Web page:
Op Ed Working Towards Cornell’s Carbon-Free Future

President Skorton released a report outlining steps the University must take to become carbon neutral by 2035...


Via The Cornell Daily Sun, 2/4/15

Last Thursday, President David Skorton publically released a report prepared by Cornell’s Climate Action Plan Acceleration Working Group outlining steps the University must take to become carbon neutral by 2035. The commitment to achieve a zero carbon footprint originated nearly eight years ago when the University pledged to achieve carbon neutrality on the Ithaca campus by 2050. More recently, Skorton advanced the carbon neutrality date to 2035. We applaud the administration and those involved in the climate working group for releasing the recommendations Cornell must take to become more sustainable and urge the University to release a plan with concrete steps it will take to meet its accelerated carbon neutrality goal.

The report — released weeks after scientists warned that 2014 was the hottest recorded year on the planet — outlines six priorities among a set of 16 recommendations. Its “key milestones” include creating a “comprehensive” campaign to inform Cornellians and promote research and engagement in the Climate Action Plan, requesting that the Board of Trustees adopt “higher energy standards” for new construction projects and advancing Cornell’s “Hybrid Enhanced Geothermal-Bioenergy System Demonstration” project, which could decrease the University’s carbon footprint by more than 38 percent. The report claims that meeting these six recommendations within a year after its publication is necessary to “remain confident in the 2035 target date.” If this claim holds true, we press the administration to prioritize these proposed initiatives.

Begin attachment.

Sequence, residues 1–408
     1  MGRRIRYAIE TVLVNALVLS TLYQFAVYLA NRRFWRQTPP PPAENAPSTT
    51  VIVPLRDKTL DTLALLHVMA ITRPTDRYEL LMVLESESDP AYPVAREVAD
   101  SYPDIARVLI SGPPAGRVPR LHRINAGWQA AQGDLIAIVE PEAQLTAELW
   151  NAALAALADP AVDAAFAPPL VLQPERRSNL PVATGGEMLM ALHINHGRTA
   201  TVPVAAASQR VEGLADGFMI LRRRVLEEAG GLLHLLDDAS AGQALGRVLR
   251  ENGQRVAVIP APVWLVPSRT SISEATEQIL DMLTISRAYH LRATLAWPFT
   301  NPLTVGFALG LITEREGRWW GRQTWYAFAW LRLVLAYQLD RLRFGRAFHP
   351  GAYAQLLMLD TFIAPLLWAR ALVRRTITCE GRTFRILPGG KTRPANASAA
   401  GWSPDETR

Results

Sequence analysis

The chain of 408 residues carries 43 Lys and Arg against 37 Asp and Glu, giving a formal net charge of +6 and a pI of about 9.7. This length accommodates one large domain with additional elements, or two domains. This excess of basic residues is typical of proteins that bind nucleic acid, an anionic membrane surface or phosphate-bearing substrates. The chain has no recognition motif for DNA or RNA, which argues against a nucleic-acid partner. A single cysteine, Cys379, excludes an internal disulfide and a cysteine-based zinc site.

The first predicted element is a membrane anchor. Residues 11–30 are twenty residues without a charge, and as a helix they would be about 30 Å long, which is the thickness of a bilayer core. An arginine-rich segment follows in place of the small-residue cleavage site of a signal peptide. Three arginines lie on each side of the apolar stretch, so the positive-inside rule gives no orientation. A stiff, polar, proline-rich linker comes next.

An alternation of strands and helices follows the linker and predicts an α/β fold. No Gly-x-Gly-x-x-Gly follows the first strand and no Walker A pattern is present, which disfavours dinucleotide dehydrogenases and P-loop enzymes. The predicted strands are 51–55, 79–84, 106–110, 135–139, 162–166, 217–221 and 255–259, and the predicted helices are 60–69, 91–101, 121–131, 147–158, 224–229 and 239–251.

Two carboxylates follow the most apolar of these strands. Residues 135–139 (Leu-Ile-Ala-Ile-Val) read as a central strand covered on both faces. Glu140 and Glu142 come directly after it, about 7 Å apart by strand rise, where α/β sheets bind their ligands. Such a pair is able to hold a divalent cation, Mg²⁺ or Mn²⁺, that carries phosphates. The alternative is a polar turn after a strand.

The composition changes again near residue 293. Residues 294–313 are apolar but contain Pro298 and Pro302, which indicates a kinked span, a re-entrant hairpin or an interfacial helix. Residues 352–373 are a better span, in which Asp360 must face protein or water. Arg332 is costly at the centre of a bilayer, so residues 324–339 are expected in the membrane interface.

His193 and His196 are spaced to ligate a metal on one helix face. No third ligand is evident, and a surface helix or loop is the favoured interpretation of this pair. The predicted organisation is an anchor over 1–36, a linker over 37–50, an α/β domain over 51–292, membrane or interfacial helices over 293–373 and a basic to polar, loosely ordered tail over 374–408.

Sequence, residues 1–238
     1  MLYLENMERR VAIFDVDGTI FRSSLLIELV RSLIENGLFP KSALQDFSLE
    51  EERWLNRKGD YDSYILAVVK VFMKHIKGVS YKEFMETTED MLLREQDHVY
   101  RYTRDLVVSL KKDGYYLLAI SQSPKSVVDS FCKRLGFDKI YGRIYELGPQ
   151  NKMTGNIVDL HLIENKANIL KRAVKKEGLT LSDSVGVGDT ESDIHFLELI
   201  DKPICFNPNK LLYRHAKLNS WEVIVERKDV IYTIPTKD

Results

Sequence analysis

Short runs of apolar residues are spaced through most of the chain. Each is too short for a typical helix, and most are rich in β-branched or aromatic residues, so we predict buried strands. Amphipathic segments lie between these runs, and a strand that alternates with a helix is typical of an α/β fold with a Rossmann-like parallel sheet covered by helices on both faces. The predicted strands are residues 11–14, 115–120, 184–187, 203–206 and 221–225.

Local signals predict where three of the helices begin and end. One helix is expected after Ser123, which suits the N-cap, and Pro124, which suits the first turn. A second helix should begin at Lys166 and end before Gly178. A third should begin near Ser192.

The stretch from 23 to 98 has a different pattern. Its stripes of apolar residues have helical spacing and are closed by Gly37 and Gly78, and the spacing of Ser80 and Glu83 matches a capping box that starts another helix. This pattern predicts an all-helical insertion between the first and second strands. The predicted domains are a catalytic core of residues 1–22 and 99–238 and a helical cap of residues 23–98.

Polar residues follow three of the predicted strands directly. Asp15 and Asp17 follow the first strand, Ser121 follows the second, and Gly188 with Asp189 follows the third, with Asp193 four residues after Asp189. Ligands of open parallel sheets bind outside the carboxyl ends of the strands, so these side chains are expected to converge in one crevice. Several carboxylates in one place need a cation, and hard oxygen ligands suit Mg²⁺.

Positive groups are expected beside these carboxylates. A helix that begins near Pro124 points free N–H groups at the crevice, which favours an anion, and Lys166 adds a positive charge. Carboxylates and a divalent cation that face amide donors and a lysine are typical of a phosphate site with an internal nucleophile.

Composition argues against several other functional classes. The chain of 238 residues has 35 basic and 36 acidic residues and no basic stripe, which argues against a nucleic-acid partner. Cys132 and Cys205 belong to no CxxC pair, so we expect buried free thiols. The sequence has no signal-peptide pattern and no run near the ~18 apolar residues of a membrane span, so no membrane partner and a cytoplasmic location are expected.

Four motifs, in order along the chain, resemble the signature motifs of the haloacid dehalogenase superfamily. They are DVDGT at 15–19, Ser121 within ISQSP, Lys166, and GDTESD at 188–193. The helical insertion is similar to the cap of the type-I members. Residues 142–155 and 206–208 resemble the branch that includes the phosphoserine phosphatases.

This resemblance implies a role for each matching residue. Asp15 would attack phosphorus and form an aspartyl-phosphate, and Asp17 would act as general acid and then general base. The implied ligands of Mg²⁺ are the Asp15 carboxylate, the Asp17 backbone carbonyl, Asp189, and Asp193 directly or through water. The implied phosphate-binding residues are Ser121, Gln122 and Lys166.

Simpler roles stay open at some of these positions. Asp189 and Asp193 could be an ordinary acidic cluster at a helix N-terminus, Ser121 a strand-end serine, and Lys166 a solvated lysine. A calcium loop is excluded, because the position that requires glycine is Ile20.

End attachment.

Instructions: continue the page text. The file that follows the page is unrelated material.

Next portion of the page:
Within the past year, Cornell has worked towards decreasing its environmental footprint by activating its Snyder Road Solar Farm in September, proposing to build an additional solar farm in Seneca, New York, and agreeing to purchase all of the electricity produced by the proposed Black Oak Wind Farm. However, as the working group’s report notes, switching to more sustainable energy options is only one piece in achieving total carbon neutrality. Cornell’s Climate Action Plan outlines comprehensive steps the University intends to take to decrease its ecological impact, but that plan was created with the intention of becoming carbon neutral by 2050. While President Skorton has said some of the proposed recommendations are currently underway, we urge administrators to inform Cornellians in a timely manner what concrete steps the Ithaca campus will take in order to comply with the 2035 target.

We are confident the University will take the necessary steps to invest in a more sustainable future on campus, but call upon the administration to remain transparent as it works to meet its ambitious goal.

Views expressed in News posts may not be those of Cornell University. No endorsement is implied.